What a difference a couple of years makes! At the end of 2021, interest rates were at rock bottom and banks offered savers little more than crumbs. Fast forward to today and the Federal Reserve has lifted interest rates north of 5%. Interest rates on savings accounts, CDs and money markets have been trending upwards to keep pace. Today, interest rates above 4% can be found on high-yield savings, certain CDs, many money market funds and high-quality bonds alike.
With that in mind, it’s not surprising if you’re asking yourself two questions. First, should we be excited to own more of these fixed income investments? Second, why would we want to own volatile bonds rather than extremely stable money market funds or CDs? With this letter, we’re hoping to answer these questions.
Do we like fixed income today?
Yes! There is a strong case to make that interest rates today represent a near historic opportunity. While it’s a matter of debate what the long-term level of interest rates in the US should be, it’s widely agreed that a ‘normal’ rate is much lower than the 5-5.25% the Fed is holding today. These interest rates won’t stick around forever. This means that fixed income (of all types) is offering a higher rate of return for less risk than is normally the case. A fair bit more. Today, we can obtain rates of income in the mid-single digits on low-risk fixed income of all kinds, and many bonds are trading at prices below their face value. Meaning that in addition to receiving coupon (interest) payments, we can expect to have them increase in price as they near maturity.
There’s also a good case to make that fixed income is currently attractive relative to stocks. One way to look at it is to compare the yield on fixed income with the ‘earnings yield’ on the stock market. Earnings yield is simply company earnings divided by price share price. Normally stocks offer a much higher yield than bonds to compensate investors for the higher risk associated with stocks. But not today.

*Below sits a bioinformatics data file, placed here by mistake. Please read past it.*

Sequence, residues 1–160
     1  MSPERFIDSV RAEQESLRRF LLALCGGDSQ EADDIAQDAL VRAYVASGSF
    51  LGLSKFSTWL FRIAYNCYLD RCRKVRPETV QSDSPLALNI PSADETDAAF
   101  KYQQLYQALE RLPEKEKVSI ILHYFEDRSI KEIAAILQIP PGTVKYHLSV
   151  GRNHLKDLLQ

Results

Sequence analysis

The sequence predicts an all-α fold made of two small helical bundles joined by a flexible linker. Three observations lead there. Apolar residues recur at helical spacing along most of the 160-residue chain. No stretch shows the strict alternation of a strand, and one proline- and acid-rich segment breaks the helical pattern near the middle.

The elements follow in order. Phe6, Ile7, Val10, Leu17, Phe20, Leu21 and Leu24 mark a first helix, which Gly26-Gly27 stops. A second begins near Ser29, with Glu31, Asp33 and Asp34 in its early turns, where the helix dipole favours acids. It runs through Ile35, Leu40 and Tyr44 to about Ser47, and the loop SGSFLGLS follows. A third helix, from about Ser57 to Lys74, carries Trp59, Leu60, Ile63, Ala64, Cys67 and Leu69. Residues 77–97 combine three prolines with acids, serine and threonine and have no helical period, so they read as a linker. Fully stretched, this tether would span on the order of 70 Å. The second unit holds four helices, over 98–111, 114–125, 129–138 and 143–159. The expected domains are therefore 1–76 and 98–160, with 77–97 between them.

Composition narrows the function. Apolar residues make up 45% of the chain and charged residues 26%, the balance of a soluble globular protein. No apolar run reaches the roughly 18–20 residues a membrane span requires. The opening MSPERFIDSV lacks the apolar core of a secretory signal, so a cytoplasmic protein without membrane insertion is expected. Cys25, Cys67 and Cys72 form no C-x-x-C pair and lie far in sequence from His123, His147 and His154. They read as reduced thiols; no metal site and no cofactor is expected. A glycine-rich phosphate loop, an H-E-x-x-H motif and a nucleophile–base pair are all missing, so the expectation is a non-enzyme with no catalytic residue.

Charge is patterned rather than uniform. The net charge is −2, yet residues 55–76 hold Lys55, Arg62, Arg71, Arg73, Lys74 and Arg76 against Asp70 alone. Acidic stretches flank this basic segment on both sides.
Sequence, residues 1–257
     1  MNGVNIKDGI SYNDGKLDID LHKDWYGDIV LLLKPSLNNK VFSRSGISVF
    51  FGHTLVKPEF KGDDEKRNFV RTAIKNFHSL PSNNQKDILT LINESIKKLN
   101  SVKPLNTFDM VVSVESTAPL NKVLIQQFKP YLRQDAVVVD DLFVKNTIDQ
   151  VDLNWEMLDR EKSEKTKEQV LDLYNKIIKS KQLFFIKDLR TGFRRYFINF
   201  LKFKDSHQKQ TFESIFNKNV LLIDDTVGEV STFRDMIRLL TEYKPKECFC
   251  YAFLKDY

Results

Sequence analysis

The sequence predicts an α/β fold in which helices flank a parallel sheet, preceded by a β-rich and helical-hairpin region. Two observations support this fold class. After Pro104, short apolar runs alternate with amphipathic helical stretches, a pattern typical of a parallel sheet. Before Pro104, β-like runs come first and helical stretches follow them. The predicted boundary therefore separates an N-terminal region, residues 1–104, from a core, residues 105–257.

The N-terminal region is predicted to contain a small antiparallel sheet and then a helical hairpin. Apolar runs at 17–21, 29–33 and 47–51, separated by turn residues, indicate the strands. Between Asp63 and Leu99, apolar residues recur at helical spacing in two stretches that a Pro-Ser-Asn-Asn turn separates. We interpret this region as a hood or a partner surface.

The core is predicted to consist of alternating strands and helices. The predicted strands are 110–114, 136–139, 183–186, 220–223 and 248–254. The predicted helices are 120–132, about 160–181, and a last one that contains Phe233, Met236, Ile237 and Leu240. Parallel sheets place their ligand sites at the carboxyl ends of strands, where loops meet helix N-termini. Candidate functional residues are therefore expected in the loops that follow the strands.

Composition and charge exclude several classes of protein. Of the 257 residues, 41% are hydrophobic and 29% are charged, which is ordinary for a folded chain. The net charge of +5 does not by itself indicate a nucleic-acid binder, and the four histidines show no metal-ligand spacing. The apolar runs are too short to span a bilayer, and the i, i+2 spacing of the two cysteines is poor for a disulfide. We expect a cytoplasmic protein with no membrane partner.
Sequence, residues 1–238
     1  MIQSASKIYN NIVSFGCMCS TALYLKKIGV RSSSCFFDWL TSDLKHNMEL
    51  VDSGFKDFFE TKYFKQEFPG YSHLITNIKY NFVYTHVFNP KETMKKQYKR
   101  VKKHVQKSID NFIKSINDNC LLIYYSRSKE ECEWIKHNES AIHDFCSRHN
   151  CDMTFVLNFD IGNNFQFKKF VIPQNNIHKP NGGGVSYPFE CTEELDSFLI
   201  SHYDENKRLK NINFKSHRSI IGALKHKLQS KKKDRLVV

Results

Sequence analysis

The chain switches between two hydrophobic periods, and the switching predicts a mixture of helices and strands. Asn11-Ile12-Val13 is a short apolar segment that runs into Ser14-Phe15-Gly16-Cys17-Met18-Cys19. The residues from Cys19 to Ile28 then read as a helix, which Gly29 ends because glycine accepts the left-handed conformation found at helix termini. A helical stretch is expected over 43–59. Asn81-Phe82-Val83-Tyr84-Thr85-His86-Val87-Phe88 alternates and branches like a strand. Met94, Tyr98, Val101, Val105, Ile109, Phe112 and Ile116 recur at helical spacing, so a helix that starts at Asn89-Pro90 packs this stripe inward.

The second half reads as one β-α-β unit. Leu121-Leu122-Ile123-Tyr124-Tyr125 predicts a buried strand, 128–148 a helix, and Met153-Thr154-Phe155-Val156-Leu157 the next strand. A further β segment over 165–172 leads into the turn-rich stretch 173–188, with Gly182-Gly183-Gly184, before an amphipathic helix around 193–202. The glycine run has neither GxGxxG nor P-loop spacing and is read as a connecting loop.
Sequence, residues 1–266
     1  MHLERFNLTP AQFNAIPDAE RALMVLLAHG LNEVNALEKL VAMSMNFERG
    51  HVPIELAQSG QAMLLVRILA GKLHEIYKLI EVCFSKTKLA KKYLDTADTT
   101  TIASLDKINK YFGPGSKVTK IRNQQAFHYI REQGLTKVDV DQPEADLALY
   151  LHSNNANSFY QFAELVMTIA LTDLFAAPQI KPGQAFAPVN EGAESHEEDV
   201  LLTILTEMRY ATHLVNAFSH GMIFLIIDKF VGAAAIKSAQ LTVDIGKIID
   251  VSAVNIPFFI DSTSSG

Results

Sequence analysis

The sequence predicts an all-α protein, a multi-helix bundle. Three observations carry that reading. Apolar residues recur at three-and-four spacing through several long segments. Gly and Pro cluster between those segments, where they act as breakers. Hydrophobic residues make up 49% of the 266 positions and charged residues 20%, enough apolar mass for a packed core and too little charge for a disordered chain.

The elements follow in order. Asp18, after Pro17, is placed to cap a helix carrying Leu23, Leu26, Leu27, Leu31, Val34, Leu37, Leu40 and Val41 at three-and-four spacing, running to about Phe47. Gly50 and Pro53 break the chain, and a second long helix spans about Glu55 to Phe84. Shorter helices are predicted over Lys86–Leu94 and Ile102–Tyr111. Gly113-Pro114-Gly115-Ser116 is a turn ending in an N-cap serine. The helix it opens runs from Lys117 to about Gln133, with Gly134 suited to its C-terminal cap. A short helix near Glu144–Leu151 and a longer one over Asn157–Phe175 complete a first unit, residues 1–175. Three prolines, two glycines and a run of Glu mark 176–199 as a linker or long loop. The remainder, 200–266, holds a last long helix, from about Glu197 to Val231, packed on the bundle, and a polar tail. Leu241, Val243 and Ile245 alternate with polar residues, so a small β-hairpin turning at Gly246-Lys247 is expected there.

While comparing earnings yield to yield on fixed income is not exactly an apples-to-apples comparison, it does indicate that one of these asset classes is mispriced. Either fixed income is cheap, stocks are expensive, or both. In order for stocks to outperform fixed income in a sustained fashion over the next few years, we would need to see significant earnings growth and/or higher prices without much growth. That’s far from guaranteed.
Why hold bonds instead of less volatile forms of fixed income?
If we can get very similar yields on a CD, a money market fund or high-quality bond, why shouldn’t we just own the CD or Money Market fund? After all, you don’t have to deal with price volatility on a CD or money market fund and it’s possible that bonds could fall slightly further in price if the Fed pushes through a few more rate hikes. CDs and money market funds would outperform bonds in that scenario, at least in the short term.
First, most CDs are illiquid and have a kind of ‘cost’ in that they limit your ability to reposition and take advantage of opportunities in the markets as they arise. We can use money market funds more efficiently than CDs within our investment process because they don’t sacrifice flexibility.